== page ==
The pen is mighter than the Assegi ?

Discussion in 'Military History and Militaria' started by shaka, Jan 8, 2008.

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  1. Just more proof that woman = snake with tits.
  2. And more proof students = thieving pikey gits.
  3. Wonder which variety nicked Monty’s pen used for the surrender of the German Army in NW Europe? According to Monty it was only a common-or-garden ‘nib on a stick’ type, ”typically bought for about a shilling”. Bet thousands of ‘the actual pen’ have changed hands in Petticoat Lane over the years? :lol:

    Good this one is back though.


    ps Shimmy Lovat’s berry was nicked off him while he lay stretchered out on a hospital ship back from Normandy
  4. Really? Logan or Tay?

    Edited to add:

    Did he actually wear a beret? Every photograph I have seen of him or of the Scouts on D-day show them wearing their RHD - a balmoral. which would be a super thing to have proffed for some sticky fingered medical REMF!
  5. Makes you wonder though doesn't it, 250 quid plus 75 quid costs for nicking a 'priceless' artifact which could probably be sold for up to 10,000 quid? That's a deterrent to other sticky fingered employees then.

    Excuse.... I wasn't paid what I thought I should be, I was young and I'm a reformed character now? He had it for only 3 years. With his education I would have thought he could have figured out a way to get it back to it's real owners anonymously if he really wanted to.

    Open the flood gates of disgruntled employees nicking valuable items on the grounds that 'he got away with it' :x
  6. Yes, fair comment. Mong typing again – I blame the auto spelling corrector. :D I should of course have typed 'beret' not 'berry' as there appears to be no reference to Lovat ever wearing fruit. :roll:

    Here you are Cuddles, Lovat in a beret resplendent with the Scouts' 'Je Suis Prest' badge.
    The Green beret, introduced in '42, distributed on a staggered as possible/available basis. Senior officers often 'doing their own thing' from time to time, so at various stages he may well have worn any you suggest.

    The story of his beret being nicked was relayed to me by a Veteran who said he had a mate who knew the bloke who claimed to have nicked Lovat's beret. I trust what my mate said, and he said he trusted when his mate told him. As for the man making the original claim, who knows?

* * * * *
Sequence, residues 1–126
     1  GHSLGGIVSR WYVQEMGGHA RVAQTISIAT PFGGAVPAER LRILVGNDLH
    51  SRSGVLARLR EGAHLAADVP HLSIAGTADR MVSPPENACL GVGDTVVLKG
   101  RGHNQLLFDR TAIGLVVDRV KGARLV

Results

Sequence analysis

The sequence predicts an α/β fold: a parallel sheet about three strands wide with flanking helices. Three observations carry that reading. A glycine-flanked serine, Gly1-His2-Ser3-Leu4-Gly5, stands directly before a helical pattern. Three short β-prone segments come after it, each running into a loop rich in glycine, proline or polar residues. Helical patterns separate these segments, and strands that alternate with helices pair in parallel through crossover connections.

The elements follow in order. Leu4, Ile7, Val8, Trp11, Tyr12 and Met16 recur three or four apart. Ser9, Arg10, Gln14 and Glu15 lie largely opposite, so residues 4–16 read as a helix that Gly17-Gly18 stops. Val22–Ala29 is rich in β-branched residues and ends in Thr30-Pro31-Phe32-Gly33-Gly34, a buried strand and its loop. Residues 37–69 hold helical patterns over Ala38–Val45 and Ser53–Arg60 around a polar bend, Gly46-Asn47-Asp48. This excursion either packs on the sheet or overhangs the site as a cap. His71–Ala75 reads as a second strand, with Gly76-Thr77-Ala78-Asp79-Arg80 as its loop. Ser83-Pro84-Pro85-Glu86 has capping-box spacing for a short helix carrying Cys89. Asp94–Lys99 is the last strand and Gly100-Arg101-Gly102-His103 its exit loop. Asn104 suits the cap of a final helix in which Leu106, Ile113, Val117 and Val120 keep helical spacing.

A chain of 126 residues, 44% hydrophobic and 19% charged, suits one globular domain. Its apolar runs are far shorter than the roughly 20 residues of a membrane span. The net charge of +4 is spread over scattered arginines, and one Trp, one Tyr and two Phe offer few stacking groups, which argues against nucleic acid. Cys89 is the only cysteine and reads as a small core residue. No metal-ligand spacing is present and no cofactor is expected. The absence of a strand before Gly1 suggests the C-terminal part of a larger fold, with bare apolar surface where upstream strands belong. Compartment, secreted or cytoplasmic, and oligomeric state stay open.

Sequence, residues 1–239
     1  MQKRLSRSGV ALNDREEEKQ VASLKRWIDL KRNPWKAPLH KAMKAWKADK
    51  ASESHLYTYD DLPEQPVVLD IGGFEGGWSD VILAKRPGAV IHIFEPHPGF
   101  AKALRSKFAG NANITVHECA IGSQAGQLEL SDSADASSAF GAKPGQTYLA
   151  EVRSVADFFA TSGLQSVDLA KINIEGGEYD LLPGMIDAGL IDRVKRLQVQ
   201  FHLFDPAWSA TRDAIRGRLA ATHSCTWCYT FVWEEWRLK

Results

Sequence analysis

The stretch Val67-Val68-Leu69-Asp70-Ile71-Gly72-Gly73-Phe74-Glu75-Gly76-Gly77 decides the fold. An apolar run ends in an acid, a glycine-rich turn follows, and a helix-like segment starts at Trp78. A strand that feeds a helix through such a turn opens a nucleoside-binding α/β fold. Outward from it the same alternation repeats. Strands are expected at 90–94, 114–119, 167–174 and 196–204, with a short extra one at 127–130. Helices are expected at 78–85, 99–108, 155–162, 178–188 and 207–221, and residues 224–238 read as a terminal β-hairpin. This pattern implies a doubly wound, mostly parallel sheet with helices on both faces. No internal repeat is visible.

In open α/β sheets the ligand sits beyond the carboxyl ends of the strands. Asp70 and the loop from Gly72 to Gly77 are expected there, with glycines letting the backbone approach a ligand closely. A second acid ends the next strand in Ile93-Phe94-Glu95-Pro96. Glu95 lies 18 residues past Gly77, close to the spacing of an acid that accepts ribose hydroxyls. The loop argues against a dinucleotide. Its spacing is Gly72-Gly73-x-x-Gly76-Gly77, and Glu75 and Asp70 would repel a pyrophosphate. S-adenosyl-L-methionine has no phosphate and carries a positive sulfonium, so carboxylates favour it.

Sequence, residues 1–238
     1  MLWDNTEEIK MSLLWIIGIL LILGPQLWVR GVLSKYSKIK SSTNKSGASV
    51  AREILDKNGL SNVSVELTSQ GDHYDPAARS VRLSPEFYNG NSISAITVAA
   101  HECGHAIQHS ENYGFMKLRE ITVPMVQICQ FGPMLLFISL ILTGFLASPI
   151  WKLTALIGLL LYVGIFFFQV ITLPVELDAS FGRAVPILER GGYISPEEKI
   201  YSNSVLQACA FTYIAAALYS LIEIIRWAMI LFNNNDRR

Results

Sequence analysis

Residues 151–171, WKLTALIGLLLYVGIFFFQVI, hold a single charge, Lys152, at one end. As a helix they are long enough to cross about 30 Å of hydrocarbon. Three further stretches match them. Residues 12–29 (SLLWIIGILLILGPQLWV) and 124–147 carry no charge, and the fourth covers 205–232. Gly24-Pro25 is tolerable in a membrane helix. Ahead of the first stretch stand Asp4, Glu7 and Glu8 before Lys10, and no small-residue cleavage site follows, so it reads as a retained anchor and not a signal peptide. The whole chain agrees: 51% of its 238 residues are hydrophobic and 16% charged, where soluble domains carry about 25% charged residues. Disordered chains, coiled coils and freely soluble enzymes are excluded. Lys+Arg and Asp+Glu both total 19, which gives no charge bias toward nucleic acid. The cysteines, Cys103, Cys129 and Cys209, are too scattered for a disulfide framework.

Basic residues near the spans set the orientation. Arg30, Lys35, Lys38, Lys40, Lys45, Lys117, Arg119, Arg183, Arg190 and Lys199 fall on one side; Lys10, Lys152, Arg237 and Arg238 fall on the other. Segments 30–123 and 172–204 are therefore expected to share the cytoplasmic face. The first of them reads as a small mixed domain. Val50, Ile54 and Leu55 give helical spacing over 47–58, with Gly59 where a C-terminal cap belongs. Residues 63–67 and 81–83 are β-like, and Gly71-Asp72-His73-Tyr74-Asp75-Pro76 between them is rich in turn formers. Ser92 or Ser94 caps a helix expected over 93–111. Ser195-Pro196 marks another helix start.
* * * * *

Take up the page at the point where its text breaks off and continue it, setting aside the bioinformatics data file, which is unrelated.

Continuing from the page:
Sadly I've heard of several cases of the wounded, and even killed, having their effects tea-leafed in WWII. When a very good friend of mine left Bari hospital in '45 after recovering from a near fatal would, all his 'collectibles' from 3 1/2 years were missing from his kitbag.

    Even official robbery. Two men of No.42 Cdo RM said when they came back from the Far East, lots of men had Nippon officer's swords as souvenirs - apparently not hard to come by out there after the war. When they docked at Southampton, HM Customs confiscated the lot. No receipts, no 'you have to apply to get them back', just you've lost that mate. Firearms I can understand, (not that Britain wasn't awash with them after the war and in the 50's), but edge weapons?

  7. I stand sir, corrected. It's this truss.

    As for the berry/beret thing, 'twas meant but as a gentle jape...
  8. Ah, I understand. :wink:

    If you're looking to buy a new one, the type combined with a calculator is highly recommended.

    Enables you to count on your own support. 8O :lol:

  9. Looking at that photo, that might be a bobble rather than a tree-part! Maybe it is a balmoral after all - that cap-badge is certainly gey far from over the left eye!!
  10. Yes the badge is where you’d expect it to be for a balmoral, like in this picture of early days No.2 ,
    however, respective Cdo protocols could and did vary.

    To me, Lovat’s headgear looks like a beret and not a balmoral – shape, amount of material, no visible tapes at the rear.

    The fuller picture below shows Lovat with Charlie Vaughan (Achnacarry CO), around the time Lovat was made-up to Brigadier of 1 SS Bde prior to Normandy. Note Charlie’s badge slap bang in the middle and the beret pulled straight back – another senior officer doing his own thing :D


    Attached Files:

  11. Careful Cuddles. That was a bit Caubeen-esque ..............
  12. The photo here shows a Tam o' Shanter. Balmorals were typically rather smaller and less floppy.


    My first thoughts on the Lovat photo were also that it was a Balmoral.
  13. There seems to be ambiguity in defining and what defines Tams and Balmorals. If you look at say

    they illustrate this as the Tam O'Shanter____________and this as the Balmoral

    I've never worn either but usually in a military context I know them as Balmorals. That said I've heard some who wore them refer to Tams?

    Your example of a Balmoral however, is surely very different to Lovat's beret? The bottom trim in his photo is characteristic beret and the Tam/Balmoral should have a characteristic wide band at it's base, no?

  14. Caubeen? Why when I read that I nearly spilled my 397 year old single Irish malt..O'Rafferty, mop this up immediately!